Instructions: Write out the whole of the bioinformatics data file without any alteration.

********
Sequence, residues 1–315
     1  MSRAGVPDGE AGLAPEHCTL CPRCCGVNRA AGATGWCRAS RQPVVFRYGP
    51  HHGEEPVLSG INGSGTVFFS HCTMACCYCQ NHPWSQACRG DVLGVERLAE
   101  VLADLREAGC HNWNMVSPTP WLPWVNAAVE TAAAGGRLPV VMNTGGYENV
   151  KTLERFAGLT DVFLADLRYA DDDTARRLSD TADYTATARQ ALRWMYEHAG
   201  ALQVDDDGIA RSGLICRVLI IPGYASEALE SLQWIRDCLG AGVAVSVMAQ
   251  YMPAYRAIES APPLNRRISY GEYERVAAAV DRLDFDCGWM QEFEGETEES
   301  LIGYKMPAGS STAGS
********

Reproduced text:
Sequence, residues 1–315
     1  MSRAGVPDGE AGLAPEHCTL CPRCCGVNRA AGATGWCRAS RQPVVFRYGP
    51  HHGEEPVLSG INGSGTVFFS HCTMACCYCQ NHPWSQACRG DVLGVERLAE
   101  VLADLREAGC HNWNMVSPTP WLPWVNAAVE TAAAGGRLPV VMNTGGYENV
   151  KTLERFAGLT DVFLADLRYA DDDTARRLSD TADYTATARQ ALRWMYEHAG
   201  ALQVDDDGIA RSGLICRVLI IPGYASEALE SLQWIRDCLG AGVAVSVMAQ
   251  YMPAYRAIES APPLNRRISY GEYERVAAAV DRLDFDCGWM QEFEGETEES
   301  LIGYKMPAGS STAGS